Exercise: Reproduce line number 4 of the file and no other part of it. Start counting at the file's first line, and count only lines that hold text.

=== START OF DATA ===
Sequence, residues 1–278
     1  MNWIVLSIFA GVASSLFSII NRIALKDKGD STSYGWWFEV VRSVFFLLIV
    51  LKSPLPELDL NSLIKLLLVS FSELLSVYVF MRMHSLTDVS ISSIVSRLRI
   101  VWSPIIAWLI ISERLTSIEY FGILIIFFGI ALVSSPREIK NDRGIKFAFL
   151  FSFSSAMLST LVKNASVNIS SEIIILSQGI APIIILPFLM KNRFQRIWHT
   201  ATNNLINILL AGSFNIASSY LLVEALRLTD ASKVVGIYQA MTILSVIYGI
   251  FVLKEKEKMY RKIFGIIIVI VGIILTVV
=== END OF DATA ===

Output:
   101  VWSPIIAWLI ISERLTSIEY FGILIIFFGI ALVSSPREIK NDRGIKFAFL